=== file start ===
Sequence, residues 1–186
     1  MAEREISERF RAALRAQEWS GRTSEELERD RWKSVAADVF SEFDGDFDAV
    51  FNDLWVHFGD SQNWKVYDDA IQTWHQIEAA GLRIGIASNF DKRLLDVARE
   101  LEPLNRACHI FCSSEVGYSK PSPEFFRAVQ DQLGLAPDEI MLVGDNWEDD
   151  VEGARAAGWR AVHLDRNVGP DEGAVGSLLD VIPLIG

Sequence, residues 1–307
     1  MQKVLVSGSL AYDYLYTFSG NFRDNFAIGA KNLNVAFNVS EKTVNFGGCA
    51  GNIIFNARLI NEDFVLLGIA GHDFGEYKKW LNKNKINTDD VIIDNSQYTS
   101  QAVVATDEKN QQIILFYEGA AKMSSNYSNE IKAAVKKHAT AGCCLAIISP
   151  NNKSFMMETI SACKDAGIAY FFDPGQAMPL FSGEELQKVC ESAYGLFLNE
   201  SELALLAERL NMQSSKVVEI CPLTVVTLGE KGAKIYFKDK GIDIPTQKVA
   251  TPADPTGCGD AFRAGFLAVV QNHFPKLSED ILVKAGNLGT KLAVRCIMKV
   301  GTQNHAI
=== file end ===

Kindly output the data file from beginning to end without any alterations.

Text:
Sequence, residues 1–186
     1  MAEREISERF RAALRAQEWS GRTSEELERD RWKSVAADVF SEFDGDFDAV
    51  FNDLWVHFGD SQNWKVYDDA IQTWHQIEAA GLRIGIASNF DKRLLDVARE
   101  LEPLNRACHI FCSSEVGYSK PSPEFFRAVQ DQLGLAPDEI MLVGDNWEDD
   151  VEGARAAGWR AVHLDRNVGP DEGAVGSLLD VIPLIG

Sequence, residues 1–307
     1  MQKVLVSGSL AYDYLYTFSG NFRDNFAIGA KNLNVAFNVS EKTVNFGGCA
    51  GNIIFNARLI NEDFVLLGIA GHDFGEYKKW LNKNKINTDD VIIDNSQYTS
   101  QAVVATDEKN QQIILFYEGA AKMSSNYSNE IKAAVKKHAT AGCCLAIISP
   151  NNKSFMMETI SACKDAGIAY FFDPGQAMPL FSGEELQKVC ESAYGLFLNE
   201  SELALLAERL NMQSSKVVEI CPLTVVTLGE KGAKIYFKDK GIDIPTQKVA
   251  TPADPTGCGD AFRAGFLAVV QNHFPKLSED ILVKAGNLGT KLAVRCIMKV
   301  GTQNHAI